Tools and Spare Parts for Building FPV Drones

Here is a list of useful and essential tools, spares parts you should get when building your quadcopter and drone. Some equipment listed are not necessary but will make building/flying multirotors much easier, more enjoyable and professional.

Tools and Equipment For Building FPV Mini Quad

So here’s the list of tools and equipment we recommend to have around when building multirotors.

The list of tools is divided into 3 parts, Basic, Advance and Professional, followed by a list of useful Spare materials. I strongly recommend getting all the Basic tools, should be enough to get you started with building a quadcopter. Advance and Professional tools are relevant to building and repairing quads too, so pick whichever you see useful :)

Basic and Essential Tools

These are the recommended and must-have tools for building and repairing your mini quad. Hopefully you might already have some of these tools in your tool box.

Soldering Tools

See this article for what soldering iron, solder and soldering related tools I recommend.

Allen keys Set (Hex Screw Driver Set)

As known as Hex drives, is used to tighten or loosen the hex screws in your quadcopter parts such as frames and motors. Having a set of Allen keys of different sizes available can be extremely helpful .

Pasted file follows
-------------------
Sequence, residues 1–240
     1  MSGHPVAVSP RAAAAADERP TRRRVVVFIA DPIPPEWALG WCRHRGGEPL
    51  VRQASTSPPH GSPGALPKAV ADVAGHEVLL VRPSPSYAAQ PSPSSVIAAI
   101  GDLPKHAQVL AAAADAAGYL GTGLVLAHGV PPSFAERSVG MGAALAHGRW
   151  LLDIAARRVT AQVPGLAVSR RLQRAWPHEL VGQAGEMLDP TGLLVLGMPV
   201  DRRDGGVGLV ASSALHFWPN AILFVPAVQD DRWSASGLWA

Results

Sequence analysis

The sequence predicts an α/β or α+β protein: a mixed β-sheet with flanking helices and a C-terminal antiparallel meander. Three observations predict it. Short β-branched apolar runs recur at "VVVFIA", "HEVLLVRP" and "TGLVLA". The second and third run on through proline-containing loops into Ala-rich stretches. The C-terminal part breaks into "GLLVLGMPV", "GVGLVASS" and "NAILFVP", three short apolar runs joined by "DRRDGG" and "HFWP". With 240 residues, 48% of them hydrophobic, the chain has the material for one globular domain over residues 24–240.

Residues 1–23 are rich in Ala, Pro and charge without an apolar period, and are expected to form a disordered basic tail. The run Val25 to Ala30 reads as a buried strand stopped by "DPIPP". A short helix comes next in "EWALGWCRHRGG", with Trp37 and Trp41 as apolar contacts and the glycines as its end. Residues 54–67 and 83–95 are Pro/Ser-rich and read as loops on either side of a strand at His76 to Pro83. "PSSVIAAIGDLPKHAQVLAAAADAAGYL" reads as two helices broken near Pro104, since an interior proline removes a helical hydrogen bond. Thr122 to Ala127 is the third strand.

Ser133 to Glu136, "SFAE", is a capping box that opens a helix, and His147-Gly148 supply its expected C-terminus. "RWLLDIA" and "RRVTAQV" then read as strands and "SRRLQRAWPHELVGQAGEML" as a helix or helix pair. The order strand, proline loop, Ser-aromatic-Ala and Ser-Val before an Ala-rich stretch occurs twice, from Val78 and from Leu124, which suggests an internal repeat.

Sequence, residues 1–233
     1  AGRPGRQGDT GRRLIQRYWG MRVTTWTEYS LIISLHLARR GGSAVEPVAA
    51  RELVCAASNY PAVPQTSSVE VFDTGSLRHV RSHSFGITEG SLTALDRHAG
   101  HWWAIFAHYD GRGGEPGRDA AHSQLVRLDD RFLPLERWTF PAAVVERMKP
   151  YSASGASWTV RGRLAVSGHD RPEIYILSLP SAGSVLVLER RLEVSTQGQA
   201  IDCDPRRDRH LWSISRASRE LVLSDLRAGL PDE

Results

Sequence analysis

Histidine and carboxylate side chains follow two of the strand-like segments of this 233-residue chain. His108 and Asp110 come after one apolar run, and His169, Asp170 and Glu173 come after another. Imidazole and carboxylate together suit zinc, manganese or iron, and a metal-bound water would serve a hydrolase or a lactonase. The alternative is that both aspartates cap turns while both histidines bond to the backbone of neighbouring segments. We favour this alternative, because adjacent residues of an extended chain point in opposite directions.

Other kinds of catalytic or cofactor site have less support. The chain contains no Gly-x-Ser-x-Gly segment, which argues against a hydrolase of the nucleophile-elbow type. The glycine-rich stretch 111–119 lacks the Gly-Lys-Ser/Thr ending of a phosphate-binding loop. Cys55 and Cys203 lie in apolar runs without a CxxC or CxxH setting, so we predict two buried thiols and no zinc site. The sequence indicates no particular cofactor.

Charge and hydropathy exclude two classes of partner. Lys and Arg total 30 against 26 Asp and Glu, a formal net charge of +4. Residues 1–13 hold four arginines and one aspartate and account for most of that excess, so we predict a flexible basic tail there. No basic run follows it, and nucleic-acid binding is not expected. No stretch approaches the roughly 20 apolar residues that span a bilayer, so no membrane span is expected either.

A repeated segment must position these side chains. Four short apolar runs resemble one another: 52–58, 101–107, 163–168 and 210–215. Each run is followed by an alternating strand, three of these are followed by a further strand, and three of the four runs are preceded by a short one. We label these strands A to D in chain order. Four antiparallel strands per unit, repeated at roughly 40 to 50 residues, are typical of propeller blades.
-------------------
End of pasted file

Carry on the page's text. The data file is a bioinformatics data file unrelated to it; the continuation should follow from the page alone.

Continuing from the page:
At first, you will absolutely need hex screwdrivers in size 1.5mm, 2.0mm and 2.5 mm. These are the most used sizes on our frames. You will also need two hex nut spanners in 8mm and 6 mm for the M3 stack nuts and M5 prop nuts.

For advanced builders, get a complete sets of screwdrivers in the range of 1.3mm – 4.0mm sizes will avoid surprises.

Screw Driver Set


For the screw sizes typically found on multirotor, both cross slotted and single slotted.

  •  –
Item Description Links
StarTech 7-piece
ES120 electric screw driver If you build/repair often, an electric screw driver will help a lot

Hex Nut driver / wrench

Hex nuts used in mini quads are normally M2, M3 on the frames, M4, M5 on the motor/prop, so finding nut driver or wrench for M2 to M5 should cover most of your need. I sometimes even just use a pair of pliers for the job.